6. Memorandum submitted by the Board
of Airline Representatives in the UK (BAR UK)|
BAR UK represents 90 scheduled airlines in the
United Kingdom in their dealings with Government, regulators and
The opportunity is welcomed to respond to the
Home Affairs Committee's inquiry into Immigration Control, and
does so primarily in respect of e-Borders.
(a) BAR UK members work with the Immigration
authorities in several ways to ensure that passengers comply with
the UK's documentation and visa requirements, and by handling
the many issues that arise when they do not.
(b) BAR UK is engaged with the Home Office
in the development of the e-Borders programme, and its processes.
(c) E-Borders must not be developed on a
stand-alone basis, and international industry standards need to
(d) Benefits must also accrue the airline
community, and its passengers.
(e) The costs for e-Borders are not recognised
as being those of the airline community or its passengers.
This response is required to be brief, so BAR
UK will be pleased to assist the Home Affairs Committee by providing
more information as, and when, it may be required.
1. Our members have a responsibility to
ensure that all passengers have the correct passport and any visa
documentation as may be required, to enter the UK.
2. Incorrectly documented passengers generally
lead to fines and detention costs being incurred by airlines.
3. Additionally, our airlines incur considerable
costs in respect of:
returning deportees to their country
of origin, often at a full fare on another airline;
the costs of "presenting"
arriving passengers to the immigration authorities at major airports;
the training and operation of Approved
Gate Check status at overseas airports.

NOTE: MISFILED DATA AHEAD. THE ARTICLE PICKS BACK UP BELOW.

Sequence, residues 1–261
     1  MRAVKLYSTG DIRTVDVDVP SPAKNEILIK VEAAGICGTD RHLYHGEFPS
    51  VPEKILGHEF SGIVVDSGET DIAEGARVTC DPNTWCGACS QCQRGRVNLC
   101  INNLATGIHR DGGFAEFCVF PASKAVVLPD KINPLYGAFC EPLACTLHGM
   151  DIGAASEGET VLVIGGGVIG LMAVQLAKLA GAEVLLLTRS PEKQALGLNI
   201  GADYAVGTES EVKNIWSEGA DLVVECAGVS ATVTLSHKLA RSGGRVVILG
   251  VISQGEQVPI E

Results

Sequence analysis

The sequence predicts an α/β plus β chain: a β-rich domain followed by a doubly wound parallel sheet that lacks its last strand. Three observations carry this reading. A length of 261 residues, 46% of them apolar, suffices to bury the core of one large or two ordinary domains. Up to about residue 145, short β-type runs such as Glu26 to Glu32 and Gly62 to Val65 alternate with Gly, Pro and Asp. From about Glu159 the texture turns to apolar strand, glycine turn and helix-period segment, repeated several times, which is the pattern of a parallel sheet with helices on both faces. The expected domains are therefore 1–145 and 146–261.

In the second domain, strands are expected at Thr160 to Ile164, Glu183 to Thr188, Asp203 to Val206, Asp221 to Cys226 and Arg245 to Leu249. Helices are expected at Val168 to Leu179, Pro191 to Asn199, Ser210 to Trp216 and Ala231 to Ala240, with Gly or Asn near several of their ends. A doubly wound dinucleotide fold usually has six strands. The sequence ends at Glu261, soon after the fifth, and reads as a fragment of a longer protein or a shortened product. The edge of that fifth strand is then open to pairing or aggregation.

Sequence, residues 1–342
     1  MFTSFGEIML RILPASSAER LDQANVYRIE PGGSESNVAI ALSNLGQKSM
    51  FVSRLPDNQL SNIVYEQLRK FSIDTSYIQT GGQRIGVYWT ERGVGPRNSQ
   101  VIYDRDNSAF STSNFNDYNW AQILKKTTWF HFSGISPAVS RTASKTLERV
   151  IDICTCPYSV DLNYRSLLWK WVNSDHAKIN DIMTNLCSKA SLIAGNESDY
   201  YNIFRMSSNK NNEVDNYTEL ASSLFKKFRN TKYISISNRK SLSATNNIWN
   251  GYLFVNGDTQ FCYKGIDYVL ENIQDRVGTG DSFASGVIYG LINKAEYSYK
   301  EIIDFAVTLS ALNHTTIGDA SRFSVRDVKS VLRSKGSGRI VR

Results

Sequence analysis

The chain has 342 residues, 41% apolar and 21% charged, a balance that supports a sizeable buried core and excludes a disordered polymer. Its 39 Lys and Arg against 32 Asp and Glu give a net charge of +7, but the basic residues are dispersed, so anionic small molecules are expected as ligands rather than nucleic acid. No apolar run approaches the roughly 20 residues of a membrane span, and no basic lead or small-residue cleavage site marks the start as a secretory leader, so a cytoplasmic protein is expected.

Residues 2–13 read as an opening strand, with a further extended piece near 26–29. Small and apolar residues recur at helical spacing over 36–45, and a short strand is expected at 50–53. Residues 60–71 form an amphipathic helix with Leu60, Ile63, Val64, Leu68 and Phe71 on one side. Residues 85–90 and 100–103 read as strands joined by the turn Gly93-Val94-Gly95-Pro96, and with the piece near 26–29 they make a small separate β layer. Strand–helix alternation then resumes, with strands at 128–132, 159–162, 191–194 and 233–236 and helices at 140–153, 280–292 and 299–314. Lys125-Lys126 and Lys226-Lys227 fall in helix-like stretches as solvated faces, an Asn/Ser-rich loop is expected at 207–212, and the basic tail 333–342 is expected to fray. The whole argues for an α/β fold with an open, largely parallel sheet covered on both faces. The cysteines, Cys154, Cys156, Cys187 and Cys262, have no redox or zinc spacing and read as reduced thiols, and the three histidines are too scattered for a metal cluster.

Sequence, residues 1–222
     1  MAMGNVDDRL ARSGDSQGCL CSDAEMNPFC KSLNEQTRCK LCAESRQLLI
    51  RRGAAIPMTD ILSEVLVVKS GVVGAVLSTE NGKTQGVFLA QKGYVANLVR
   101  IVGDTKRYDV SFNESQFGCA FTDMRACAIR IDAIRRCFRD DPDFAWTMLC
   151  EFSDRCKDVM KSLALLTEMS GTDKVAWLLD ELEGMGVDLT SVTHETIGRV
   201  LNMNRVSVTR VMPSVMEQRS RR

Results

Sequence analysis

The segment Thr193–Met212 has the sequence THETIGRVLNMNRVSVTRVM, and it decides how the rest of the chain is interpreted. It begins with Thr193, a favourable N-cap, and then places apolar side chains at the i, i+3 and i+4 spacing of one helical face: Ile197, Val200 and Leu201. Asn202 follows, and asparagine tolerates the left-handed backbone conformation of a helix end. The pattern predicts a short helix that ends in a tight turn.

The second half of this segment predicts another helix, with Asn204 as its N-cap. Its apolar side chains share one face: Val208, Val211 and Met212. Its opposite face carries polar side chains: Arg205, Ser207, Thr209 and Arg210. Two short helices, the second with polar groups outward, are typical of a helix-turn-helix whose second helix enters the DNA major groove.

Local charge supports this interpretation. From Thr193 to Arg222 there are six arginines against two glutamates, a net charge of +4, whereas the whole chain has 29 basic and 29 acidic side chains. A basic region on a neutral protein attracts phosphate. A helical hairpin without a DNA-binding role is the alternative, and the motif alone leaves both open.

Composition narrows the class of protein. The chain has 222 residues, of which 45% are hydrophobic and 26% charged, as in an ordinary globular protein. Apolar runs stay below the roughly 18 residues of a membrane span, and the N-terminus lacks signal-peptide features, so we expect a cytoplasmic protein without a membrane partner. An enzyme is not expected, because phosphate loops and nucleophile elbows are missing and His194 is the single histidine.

4. A number of our member airlines have
also engaged with the immigration authorities in respect of:
the voluntary copying of documents
overseas, to stem illegal immigrants;
Operation Semaphore, to test e-Border
processes (see below); and
the provision of data sharing with
the various agencies in respect of immigration issues.
5. BAR UK, and its members, are actively
working with the Home Office in regard to the development of e-Borders,
for which the "Authority to Carry (ATC)" scheme is core
6. The data transmission required for ATC
is costly, and will extend check-in times. Individually, this
time may not be great but, cumulatively for any one flight, could
7. The development of e-Borders is being
piloted through a programme known as "Operation Semaphore".
This involves a select number of BAR UK member airlines working
in cooperation with the Home Office on a good spread of routes,
using passenger information devolved from two sources, namely
check-in and passports.
8. There are distinct features and benefits
accruing to the Immigration authorities. Those that may accrue
to airlines, and their passengers, have not yet been determined.
BAR UK will expect to see a streamlining of the various immigration
processes currently used.
9. The Home Office has yet to determine
how e-Borders will be paid for. BAR UK does not recognise these
costs as being those for airlines or its customers.
1 December 2005